Who knows? They haven’t been in charge of the Senate, save for 2011-12, since the pivotal early 1970s. That’s when the modern Legislature was born with the advent of annual sessions, open meetings, publicly available bills, party designation, professional staff — and offices for legislators. If the public was to be invited in, legislators needed space in which to meet.
In 1973, about half of DFL senators had cubicles for offices. By 1975, under a deal struck by then-Speaker Martin Sabo and the late Senate Majority Leader Nicholas Coleman, the State Office Building became, in essence, the House office building — with minority senators consigned to humble quarters in the first floor and basement. Majority senators got the high-ceilinged splendor and oddly scattered spaces in the Capitol. State agencies got the boot, leading to a latter-day building boom.
From the start, this was acknowledged to be a less-than-desirable arrangement — or so I learned from legendary former Capitol reporter and Gov. Rudy Perpich biographer Betty Wilson. She kindly shared her file on the original Great Senate Office Debate.
In 1977, Coleman pushed for a $35 million office/hearing/parking facility for the Senate, to be built under the Capitol mall. The underground part was classic Perpich, who didn’t want to impair anyone’s view of the Capitol.
Independent-Republicans were agin’ it. Party chair Chuck Slocum called the project “the Perpich-Coleman-Sabo Memorial Office Building,” a “political mausoleum” for DFL leaders. Former GOP Gov. Harold LeVander called it a “gopher hole in front of the Capitol.”
The idea died. And Republicans picked up 32 seats in the 1978 election. That likely had more do to with voter unhappiness with self-appointed U.S. Sen. Wendell Anderson than legislative plans to burrow underground. But it killed the notion of building more Senate space for the next 35 years — to the enduring inconvenience of the more than 1,000 citizens and lobbyists who come to the Capitol each day during sessions and struggle to find their senators, let alone a parking place, a table in the Capitol cafeteria or a women’s restroom.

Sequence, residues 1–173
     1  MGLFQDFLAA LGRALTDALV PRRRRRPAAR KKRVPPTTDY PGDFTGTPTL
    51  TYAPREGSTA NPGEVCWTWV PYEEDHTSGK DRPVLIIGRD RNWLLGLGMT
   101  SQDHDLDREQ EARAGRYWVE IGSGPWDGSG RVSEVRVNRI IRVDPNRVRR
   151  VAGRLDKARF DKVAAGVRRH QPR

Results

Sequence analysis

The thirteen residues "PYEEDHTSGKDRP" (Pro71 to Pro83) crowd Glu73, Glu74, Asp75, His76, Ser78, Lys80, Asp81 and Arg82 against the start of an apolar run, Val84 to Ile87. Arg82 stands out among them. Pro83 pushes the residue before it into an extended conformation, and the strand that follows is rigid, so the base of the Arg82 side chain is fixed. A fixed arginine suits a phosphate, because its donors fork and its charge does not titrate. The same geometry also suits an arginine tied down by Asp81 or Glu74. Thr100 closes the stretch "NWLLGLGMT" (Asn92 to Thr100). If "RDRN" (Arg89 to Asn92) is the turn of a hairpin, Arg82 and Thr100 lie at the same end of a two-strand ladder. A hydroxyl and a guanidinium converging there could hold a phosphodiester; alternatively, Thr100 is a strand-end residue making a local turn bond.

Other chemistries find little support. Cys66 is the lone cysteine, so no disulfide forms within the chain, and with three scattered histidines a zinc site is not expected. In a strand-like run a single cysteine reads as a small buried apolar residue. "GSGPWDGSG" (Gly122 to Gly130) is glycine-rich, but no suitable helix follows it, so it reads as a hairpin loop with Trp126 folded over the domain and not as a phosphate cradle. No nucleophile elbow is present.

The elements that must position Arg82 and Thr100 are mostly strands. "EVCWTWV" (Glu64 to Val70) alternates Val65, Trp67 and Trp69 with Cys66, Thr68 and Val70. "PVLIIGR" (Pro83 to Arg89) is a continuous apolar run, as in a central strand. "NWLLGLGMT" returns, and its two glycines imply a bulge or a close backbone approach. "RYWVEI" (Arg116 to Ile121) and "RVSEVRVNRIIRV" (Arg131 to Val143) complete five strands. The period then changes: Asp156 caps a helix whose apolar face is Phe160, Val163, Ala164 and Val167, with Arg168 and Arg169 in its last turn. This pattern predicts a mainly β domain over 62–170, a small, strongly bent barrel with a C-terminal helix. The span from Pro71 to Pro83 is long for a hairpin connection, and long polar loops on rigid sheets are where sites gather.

The needs of those visitors — not senators’ motives, comfort or architectural tastes — should drive the resolution of this year’s Senate office debate.
A State Office Building remodeling in the mid-1980s offers another note: It’s possible to build a public building too cheaply. Wilson’s file included this 1989 item by another Capitol reporting alumnus, Dane Smith: “After five years and some $24 million worth of renovation, some parts of the State Office Building still resemble the interior of a cheap mobile home.”
To build or not to build? The House Rules Committee must soon decide. I hope its members feel the weight of history. They are being asked to solve a 40-year-old problem by building a facility that will serve representative self-governance for the next 100 years or more. I hope they’re wearing warm socks.
Lori Sturdevant, an editorial writer, is at email@example.com.